And the problem arrived, as do we, at the 13th of March. For the following re-enactment of the historic conflict in 1645 The Leicester Mercury will represent King Charles and journalist Peter Warzynski will be playing the role of Prince Rupert.

Professor Jason Hughes

Charles hated Leicester in a way supporters of Nottingham Forest FC pretend not to; Rupert was sent to raze it.

Although the Mercury had previously expressed support for the Balls campaign it all changed when Professor Jason Hughes of Leicester University issued a press release arguing that e-cigarettes will face regulations due to concerns about social dangers, more than physical dangers to health.

It all changed while the erudite and amiable Professor Hughes took a day off work.

The Journalist

Enter stage left: Peter Warzynski (this is the bit where you can boo and hiss if you want to).

Peter, or a bored sub-editor, sexed-up a rather straightforward press release with the title:

“E-cigarettes could be a gateway to harder drugs, says Leicester expert”

E Cigs could be a gateway to harder drugs

The web address for the story was even more laughable reading “E-cigs-fireDevices-outlawed-drug-addiction/story-20822476-detail/story.html”.

Shock headline

After Leicester had been sacked, the King’s smug army started to move South in the belief that they could continue to crush all Parliamentary opposition in front of them.

That was until they reached Naseby – a few miles away from where I’m typing this. It was here they were absolutely crushed by Sir Thomas Fairfax and Oliver Cromwell’s New Model Army (this is the bit we play).

In place of pikes and muskets we used social media, email and inundated the Press Complaints Commission (that oversees press regulation) with ire.

“He said that vaping – a term used to refer to e-cigarette use – encouraged addiction, gave mixed messages about healthy alternatives and could lead to the use of drugs,” wrote Prince Peter Warzynski.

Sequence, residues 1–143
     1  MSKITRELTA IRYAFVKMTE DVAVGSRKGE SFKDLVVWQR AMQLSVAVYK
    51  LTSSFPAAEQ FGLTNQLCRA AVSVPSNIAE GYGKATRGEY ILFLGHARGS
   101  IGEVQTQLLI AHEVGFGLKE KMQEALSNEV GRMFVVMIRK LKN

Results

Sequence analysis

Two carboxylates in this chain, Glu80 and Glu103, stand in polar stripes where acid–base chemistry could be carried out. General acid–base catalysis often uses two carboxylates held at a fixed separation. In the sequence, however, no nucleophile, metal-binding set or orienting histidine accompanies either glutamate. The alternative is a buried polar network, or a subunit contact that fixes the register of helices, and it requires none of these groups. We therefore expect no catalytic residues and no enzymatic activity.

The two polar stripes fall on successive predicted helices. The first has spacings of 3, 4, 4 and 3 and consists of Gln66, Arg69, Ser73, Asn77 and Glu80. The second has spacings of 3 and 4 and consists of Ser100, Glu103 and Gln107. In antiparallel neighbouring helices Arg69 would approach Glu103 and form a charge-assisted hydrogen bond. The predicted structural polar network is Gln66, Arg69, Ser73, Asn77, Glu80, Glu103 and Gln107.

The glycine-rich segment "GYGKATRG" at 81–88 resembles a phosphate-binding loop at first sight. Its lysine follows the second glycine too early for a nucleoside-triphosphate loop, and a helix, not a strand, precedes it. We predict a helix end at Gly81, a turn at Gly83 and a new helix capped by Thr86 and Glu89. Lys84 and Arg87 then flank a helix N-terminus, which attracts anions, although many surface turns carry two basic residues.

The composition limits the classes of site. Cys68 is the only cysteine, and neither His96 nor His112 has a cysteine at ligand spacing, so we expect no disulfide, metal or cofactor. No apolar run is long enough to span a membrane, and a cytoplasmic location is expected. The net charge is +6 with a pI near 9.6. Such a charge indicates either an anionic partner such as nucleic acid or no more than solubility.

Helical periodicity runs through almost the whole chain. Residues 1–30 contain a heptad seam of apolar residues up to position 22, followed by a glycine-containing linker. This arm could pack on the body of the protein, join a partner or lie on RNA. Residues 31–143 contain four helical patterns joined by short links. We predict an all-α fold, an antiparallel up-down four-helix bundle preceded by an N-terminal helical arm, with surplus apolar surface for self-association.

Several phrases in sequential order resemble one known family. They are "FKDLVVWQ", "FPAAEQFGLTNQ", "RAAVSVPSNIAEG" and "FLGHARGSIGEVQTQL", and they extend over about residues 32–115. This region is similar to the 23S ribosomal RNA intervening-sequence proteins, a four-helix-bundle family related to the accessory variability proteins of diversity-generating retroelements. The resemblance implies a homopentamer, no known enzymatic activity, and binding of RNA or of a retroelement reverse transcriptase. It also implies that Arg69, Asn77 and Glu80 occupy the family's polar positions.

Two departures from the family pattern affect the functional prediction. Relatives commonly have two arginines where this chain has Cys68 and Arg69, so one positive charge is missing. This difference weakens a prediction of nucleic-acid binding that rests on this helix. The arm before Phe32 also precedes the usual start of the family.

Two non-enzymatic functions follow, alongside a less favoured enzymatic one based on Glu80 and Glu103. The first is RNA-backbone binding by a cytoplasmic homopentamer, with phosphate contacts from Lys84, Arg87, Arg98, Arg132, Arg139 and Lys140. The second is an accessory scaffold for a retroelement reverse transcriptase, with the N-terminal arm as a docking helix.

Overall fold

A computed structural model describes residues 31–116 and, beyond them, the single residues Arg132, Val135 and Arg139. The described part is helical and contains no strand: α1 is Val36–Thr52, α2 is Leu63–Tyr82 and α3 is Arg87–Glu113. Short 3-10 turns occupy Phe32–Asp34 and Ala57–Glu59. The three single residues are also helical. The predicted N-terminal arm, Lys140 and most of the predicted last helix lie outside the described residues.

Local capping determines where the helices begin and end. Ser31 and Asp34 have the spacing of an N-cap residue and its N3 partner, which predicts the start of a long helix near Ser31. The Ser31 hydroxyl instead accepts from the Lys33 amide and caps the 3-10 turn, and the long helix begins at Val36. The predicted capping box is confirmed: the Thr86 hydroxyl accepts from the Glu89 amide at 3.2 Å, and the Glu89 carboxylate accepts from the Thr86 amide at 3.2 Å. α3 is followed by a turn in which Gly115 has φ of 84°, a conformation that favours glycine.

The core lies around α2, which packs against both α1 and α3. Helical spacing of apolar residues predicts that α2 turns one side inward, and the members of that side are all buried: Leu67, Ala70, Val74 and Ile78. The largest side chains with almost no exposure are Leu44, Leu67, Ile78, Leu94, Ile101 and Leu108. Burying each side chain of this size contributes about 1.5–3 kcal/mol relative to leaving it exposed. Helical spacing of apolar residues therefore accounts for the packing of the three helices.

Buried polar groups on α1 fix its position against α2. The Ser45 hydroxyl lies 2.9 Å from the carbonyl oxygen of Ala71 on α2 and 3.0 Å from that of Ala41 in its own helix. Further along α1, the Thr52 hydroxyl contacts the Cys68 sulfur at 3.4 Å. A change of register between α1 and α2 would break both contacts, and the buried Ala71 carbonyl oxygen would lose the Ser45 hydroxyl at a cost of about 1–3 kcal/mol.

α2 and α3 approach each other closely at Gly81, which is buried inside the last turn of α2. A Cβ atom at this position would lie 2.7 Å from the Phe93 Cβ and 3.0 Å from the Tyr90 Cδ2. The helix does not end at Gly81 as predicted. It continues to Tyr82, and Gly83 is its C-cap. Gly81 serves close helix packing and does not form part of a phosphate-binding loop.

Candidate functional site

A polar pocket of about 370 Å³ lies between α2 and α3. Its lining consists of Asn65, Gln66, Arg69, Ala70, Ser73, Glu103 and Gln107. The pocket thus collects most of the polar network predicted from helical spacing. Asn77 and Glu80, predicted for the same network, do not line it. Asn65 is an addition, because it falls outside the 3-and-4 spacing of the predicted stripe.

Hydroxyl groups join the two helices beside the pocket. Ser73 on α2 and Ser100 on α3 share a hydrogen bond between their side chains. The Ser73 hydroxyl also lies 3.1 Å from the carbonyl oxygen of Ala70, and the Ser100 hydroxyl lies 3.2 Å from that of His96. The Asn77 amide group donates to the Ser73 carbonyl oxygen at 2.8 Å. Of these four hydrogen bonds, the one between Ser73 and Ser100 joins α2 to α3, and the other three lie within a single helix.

“Oh no he didn’t,” replied everyone who by now had been linked to the press release, read it and listened to the accompanying podcast.

Or, as quoted 74yr-old Sean Gray said: “I think it’s rubbish”.

Just like Cromwell had done, we won the day. By lunchtime the online article had been replaced by a message saying it was under review.

E Cigarette content under review

Come nightfall, like any resistance the Royalist army held, the page could not be found.

E Cig content removed

Professor Hughes returned to work the following morning to find a full inbox, his name littered over Twitter and misrepresented. He took to his blog and penned an article entitled The Power Of Headlines.

In it he, like Louise Ross before him, warns of the power of the words in bold simply reaffirm that “e-cigarettes are ‘guilty by association’ with their combustible counterparts”.

At the end of his piece I’m reminded of the late, great Bill Hicks sketch about good news stories for drugs:

“Here’s a headline you won’t see: ‘Well-meaning e-cigarette restrictions might inadvertently prevent millions of smokers from significantly reducing their chances of contracting tobacco-related illnesses‘.”